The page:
During the bubble, many large institutions got a little greedy with their investments. They wanted lots of return, but no risk. And that's what Wall Street was selling in some of their shadier business "growth areas." One such shady areas of Wall Street was the interest rate swap market. And the University of California system got sucked in:
Over the last decade, the UC Board of Regents has engaged in risky deals with Wall Street banks called interest rate swaps. Banks sold swaps to the university and other public institutions as insurance against rising interest rates on variable rate bonds. Under a swap agreement, borrowers such as the university paid a fixed rate to the bank in exchange for the bank paying the university a variable rate based on the markets' interest rates for borrowing.
Now these swaps have turned out to be losing bets. UC is taking huge losses because interest rates plummeted following the financial crisis of 2008 - allegedly in part because of illegal manipulation by the same banks that sold the swaps - and have stayed at record lows. Swap deals already have cost UC nearly $57 million, with $200 million more in losses anticipated. Of the $250 million UC expects to receive from Prop. 30, some $10 million a year will go to swaps payments unless the deals are ended. (SF Chronicle Open Forum)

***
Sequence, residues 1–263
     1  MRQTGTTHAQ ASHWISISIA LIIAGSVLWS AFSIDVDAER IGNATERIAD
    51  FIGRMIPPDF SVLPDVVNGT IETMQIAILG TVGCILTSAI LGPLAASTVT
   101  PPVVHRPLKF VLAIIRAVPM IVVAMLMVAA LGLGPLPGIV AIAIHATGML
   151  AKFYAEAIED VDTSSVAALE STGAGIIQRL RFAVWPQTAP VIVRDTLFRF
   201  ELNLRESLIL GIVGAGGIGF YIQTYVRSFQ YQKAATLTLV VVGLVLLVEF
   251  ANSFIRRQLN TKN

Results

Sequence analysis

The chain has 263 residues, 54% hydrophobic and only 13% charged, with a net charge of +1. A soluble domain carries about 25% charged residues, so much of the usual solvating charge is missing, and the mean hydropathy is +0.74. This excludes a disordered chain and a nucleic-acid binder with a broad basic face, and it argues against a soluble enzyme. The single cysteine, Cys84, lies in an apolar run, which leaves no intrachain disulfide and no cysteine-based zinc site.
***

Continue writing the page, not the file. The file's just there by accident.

And some of the shadiness doesn't even come from Wall Street on this deal. UC Leadership, including the regents and upper management, are riddled with Wall Street connections. And to this day, this is true. For example, Peter Taylor, UC's CFO, was at Lehman and helped arrange some of the swaps.
Californians have entrusted UC leadership with both money and the education of California's future leaders. It is about time they opened up to California about what is really going on in the books.